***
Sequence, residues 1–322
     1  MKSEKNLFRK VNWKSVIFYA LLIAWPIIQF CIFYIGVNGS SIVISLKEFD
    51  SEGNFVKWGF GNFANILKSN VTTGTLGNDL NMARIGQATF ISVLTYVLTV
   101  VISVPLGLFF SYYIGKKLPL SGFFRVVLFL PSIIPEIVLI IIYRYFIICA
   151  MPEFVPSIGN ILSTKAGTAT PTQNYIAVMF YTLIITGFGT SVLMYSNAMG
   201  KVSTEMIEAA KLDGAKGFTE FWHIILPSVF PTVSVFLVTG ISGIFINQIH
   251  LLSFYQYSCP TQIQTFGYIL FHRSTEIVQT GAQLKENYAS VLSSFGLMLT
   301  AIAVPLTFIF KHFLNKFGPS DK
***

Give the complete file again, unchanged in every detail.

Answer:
Sequence, residues 1–322
     1  MKSEKNLFRK VNWKSVIFYA LLIAWPIIQF CIFYIGVNGS SIVISLKEFD
    51  SEGNFVKWGF GNFANILKSN VTTGTLGNDL NMARIGQATF ISVLTYVLTV
   101  VISVPLGLFF SYYIGKKLPL SGFFRVVLFL PSIIPEIVLI IIYRYFIICA
   151  MPEFVPSIGN ILSTKAGTAT PTQNYIAVMF YTLIITGFGT SVLMYSNAMG
   201  KVSTEMIEAA KLDGAKGFTE FWHIILPSVF PTVSVFLVTG ISGIFINQIH
   251  LLSFYQYSCP TQIQTFGYIL FHRSTEIVQT GAQLKENYAS VLSSFGLMLT
   301  AIAVPLTFIF KHFLNKFGPS DK